Thursday, January 14, 2010

County Unveils Census 2010 Website

                          NEWS RELEASE


                                    Contact:  Judy Hammond, Director of Public Affairs, (213) 974-1363

        Brian Lew, Assistant Director, (213) 974-1652 


Jan. 14, 2010





The County of Los Angeles today announced it has launched a new website to educate and motivate residents to take part in the upcoming 2010 Census by completing and returning their census questionnaire. 


By logging onto, residents can learn why it’s important to take part in the count. With the slogan “You Count!” and in partnership with the U.S. Census Bureau, the goal is to increase participation in the 2010 Census and achieve a complete and accurate count.  


It is estimated that more than 170,000 residents went uncounted in Los Angeles County in the 2000 Census, resulting in the loss of  an estimated $636 million in federal funding.


“The County’s funding for hospitals, clinics, schools, social services, transportation and more is reliant on the census count which takes place every 10 years,” said Los Angeles County Supervisor Gloria Molina, chair of the Board of Supervisors.  “The Census survey is important, easy to fill out, and safe – and we want to make every effort to ensure all County residents are counted in 2010.”


Census forms will be delivered to households in March 2010.  Census workers will visit households that do not return forms to take a count in person.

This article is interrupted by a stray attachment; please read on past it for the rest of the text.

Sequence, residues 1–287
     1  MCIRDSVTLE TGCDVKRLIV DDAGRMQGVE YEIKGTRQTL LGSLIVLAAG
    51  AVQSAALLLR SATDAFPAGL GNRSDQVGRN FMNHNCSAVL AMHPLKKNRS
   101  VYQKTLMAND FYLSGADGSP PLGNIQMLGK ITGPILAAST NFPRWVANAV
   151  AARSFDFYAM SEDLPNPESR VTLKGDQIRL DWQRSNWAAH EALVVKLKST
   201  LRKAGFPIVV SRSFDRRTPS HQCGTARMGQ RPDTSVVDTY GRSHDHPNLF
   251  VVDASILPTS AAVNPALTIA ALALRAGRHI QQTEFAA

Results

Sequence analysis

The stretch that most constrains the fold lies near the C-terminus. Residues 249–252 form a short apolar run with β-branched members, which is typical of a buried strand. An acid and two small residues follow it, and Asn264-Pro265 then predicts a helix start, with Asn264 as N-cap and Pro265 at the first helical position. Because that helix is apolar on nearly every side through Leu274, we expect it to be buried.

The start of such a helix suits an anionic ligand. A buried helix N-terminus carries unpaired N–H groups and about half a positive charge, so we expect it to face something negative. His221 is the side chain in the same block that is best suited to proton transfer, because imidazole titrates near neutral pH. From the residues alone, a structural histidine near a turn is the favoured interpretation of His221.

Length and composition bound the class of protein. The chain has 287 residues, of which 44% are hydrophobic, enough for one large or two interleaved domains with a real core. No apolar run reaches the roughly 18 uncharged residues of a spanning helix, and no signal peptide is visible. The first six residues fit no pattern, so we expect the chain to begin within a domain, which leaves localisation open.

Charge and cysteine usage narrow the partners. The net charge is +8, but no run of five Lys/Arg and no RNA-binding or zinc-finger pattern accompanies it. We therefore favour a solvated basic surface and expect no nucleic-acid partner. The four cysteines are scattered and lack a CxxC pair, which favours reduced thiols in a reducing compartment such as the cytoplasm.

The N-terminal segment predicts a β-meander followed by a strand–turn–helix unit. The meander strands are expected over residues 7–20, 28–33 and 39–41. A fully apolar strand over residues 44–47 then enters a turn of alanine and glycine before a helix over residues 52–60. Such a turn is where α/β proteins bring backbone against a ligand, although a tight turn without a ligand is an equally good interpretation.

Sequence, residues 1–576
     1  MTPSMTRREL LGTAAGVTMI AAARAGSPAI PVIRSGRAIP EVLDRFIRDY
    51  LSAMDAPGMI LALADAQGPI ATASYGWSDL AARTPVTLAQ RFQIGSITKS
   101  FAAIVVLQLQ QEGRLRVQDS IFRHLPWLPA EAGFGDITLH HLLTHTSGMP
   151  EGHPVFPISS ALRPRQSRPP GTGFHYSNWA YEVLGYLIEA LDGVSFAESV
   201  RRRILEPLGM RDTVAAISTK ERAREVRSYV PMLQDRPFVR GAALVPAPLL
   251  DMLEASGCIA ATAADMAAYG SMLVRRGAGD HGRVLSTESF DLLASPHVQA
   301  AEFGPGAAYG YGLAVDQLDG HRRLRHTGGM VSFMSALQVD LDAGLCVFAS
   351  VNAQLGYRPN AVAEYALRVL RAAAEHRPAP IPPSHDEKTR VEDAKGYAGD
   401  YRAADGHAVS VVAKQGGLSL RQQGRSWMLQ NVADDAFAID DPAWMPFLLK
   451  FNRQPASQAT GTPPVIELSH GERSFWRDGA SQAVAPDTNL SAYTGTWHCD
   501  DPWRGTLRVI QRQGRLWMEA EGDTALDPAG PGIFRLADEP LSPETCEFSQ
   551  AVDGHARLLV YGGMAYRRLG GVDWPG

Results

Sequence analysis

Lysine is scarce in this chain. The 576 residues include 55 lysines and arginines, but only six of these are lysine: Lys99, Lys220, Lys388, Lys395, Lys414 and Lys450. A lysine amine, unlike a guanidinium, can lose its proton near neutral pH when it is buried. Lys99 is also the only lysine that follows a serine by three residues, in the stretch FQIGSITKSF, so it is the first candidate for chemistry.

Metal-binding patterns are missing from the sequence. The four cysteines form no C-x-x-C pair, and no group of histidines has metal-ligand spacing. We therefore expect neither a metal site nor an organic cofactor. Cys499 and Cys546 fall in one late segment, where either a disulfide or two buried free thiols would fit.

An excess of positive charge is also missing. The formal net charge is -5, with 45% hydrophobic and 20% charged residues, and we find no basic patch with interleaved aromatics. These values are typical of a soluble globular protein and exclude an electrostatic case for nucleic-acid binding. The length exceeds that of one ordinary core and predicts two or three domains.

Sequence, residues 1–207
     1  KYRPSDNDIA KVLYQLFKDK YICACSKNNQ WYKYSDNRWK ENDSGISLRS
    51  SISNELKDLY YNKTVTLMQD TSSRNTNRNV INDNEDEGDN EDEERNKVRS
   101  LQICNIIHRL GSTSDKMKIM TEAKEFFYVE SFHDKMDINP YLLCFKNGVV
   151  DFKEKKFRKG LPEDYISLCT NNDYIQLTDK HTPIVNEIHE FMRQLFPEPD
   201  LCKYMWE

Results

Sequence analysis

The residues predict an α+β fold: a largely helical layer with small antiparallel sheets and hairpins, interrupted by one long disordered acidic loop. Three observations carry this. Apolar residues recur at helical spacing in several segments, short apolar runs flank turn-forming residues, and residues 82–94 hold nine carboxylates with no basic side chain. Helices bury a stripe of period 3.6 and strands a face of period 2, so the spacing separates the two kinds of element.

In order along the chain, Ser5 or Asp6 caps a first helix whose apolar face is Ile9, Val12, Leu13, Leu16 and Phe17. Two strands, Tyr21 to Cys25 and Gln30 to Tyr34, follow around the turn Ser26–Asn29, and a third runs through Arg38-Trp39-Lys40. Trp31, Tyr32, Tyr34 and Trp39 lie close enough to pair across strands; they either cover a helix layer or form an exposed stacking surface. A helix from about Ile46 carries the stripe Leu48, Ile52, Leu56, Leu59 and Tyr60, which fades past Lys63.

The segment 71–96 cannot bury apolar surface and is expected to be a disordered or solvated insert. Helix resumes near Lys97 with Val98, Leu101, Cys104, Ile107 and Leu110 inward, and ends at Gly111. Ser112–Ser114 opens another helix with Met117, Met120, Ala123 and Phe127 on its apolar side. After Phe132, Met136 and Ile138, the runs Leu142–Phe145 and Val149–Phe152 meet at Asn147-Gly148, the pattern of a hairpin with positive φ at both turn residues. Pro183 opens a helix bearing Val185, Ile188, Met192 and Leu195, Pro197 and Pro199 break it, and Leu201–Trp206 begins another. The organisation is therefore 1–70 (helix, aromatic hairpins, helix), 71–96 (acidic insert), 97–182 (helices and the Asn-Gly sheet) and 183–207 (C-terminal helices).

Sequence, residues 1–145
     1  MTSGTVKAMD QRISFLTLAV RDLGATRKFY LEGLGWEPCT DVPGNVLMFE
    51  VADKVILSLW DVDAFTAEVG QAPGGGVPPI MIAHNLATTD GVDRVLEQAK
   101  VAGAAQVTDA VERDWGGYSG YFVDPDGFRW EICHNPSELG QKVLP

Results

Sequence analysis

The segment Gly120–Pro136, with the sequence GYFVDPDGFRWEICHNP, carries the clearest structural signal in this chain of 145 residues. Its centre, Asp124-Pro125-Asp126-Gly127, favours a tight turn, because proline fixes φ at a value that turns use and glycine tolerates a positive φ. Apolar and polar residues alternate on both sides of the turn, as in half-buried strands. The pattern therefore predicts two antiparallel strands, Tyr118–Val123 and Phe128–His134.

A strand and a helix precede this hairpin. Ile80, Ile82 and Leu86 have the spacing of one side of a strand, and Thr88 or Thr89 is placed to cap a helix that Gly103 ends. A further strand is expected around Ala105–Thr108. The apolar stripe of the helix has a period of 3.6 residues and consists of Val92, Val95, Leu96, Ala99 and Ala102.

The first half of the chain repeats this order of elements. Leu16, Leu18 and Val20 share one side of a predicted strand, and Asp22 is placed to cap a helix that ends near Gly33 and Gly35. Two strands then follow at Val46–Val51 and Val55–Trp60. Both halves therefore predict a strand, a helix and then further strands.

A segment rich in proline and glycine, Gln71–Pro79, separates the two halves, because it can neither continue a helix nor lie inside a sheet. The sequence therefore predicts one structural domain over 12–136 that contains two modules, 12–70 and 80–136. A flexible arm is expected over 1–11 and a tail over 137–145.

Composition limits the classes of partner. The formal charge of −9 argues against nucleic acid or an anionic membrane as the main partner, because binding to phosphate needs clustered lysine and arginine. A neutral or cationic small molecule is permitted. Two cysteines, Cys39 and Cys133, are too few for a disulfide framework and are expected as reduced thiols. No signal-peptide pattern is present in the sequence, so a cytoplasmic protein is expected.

It is estimated the 10-question form should take about 10 minutes to complete. 


The County is collaborating with other government agencies, community partners and grassroots neighborhood groups to reach the hard-to-count populations, like recent immigrants and the homeless.  The County has a Complete Count Committee, headed by the Chief Executive Office, comprised of representatives of numerous departments.  All departments have submitted plans showing how they will promote the Census effort.


The Census determines how many seats each state will have in the U.S. House of Representatives, as well as the boundaries of legislative districts. Additionally, more than $400 billion is distributed to local, state and federal agencies based on the census count.


The U.S. Constitution requires a population and housing census every 10 years. The massive undertaking has been referred to as the largest peacetime mobilization in U.S. history. The effort employs more than 500,000 enumerators to count every man, woman and child once, and only once, and in the right place.  







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